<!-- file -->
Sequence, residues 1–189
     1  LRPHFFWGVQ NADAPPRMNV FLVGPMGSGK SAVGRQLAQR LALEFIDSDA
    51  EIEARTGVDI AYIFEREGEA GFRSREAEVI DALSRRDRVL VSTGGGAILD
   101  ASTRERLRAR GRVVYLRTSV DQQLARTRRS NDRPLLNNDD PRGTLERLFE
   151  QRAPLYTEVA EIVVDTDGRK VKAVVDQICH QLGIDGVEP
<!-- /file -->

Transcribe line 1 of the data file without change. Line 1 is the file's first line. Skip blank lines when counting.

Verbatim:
Sequence, residues 1–189